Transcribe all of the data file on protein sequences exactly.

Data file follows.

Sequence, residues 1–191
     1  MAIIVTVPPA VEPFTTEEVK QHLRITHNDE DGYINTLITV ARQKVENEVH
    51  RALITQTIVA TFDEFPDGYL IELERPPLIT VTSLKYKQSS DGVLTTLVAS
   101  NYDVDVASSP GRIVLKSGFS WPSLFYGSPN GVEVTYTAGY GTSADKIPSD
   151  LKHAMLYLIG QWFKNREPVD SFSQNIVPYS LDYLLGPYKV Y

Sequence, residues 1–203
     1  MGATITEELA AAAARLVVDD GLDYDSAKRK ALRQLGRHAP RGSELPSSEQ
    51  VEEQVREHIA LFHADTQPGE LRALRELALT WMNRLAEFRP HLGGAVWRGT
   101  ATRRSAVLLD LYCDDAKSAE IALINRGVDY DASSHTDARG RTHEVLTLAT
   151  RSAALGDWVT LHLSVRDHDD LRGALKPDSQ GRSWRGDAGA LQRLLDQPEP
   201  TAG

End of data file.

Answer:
Sequence, residues 1–191
     1  MAIIVTVPPA VEPFTTEEVK QHLRITHNDE DGYINTLITV ARQKVENEVH
    51  RALITQTIVA TFDEFPDGYL IELERPPLIT VTSLKYKQSS DGVLTTLVAS
   101  NYDVDVASSP GRIVLKSGFS WPSLFYGSPN GVEVTYTAGY GTSADKIPSD
   151  LKHAMLYLIG QWFKNREPVD SFSQNIVPYS LDYLLGPYKV Y

Sequence, residues 1–203
     1  MGATITEELA AAAARLVVDD GLDYDSAKRK ALRQLGRHAP RGSELPSSEQ
    51  VEEQVREHIA LFHADTQPGE LRALRELALT WMNRLAEFRP HLGGAVWRGT
   101  ATRRSAVLLD LYCDDAKSAE IALINRGVDY DASSHTDARG RTHEVLTLAT
   151  RSAALGDWVT LHLSVRDHDD LRGALKPDSQ GRSWRGDAGA LQRLLDQPEP
   201  TAG